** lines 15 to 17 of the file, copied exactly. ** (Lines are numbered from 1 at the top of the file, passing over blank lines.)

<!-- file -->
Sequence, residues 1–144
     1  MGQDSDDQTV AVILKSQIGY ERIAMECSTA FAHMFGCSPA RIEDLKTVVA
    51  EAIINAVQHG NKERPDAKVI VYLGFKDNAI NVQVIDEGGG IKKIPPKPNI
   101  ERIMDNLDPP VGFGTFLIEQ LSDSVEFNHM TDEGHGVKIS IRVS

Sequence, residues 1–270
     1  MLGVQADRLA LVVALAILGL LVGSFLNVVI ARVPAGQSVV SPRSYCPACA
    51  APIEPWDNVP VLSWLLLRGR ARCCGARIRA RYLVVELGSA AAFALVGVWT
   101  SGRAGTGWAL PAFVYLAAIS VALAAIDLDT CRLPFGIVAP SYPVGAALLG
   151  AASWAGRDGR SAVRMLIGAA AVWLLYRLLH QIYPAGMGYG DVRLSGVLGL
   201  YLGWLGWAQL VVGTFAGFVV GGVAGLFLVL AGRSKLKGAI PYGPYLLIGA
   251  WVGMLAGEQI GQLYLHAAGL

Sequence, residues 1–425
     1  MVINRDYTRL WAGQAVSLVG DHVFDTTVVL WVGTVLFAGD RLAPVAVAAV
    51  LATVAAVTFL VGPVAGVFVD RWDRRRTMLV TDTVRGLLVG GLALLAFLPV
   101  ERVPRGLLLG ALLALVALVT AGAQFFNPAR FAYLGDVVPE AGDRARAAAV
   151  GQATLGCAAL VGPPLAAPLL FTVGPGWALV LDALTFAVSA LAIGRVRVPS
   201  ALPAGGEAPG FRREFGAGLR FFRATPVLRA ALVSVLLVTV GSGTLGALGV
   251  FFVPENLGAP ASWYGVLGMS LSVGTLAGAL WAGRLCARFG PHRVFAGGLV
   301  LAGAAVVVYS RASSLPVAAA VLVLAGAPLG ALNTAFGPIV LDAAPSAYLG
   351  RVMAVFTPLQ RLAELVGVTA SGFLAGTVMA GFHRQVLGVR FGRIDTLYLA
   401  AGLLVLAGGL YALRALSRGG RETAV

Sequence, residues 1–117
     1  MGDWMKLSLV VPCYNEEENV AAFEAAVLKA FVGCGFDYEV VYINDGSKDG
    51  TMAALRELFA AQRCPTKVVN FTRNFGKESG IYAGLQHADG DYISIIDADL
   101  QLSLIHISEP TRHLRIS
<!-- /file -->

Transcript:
   101  ERVPRGLLLG ALLALVALVT AGAQFFNPAR FAYLGDVVPE AGDRARAAAV
   151  GQATLGCAAL VGPPLAAPLL FTVGPGWALV LDALTFAVSA LAIGRVRVPS
   201  ALPAGGEAPG FRREFGAGLR FFRATPVLRA ALVSVLLVTV GSGTLGALGV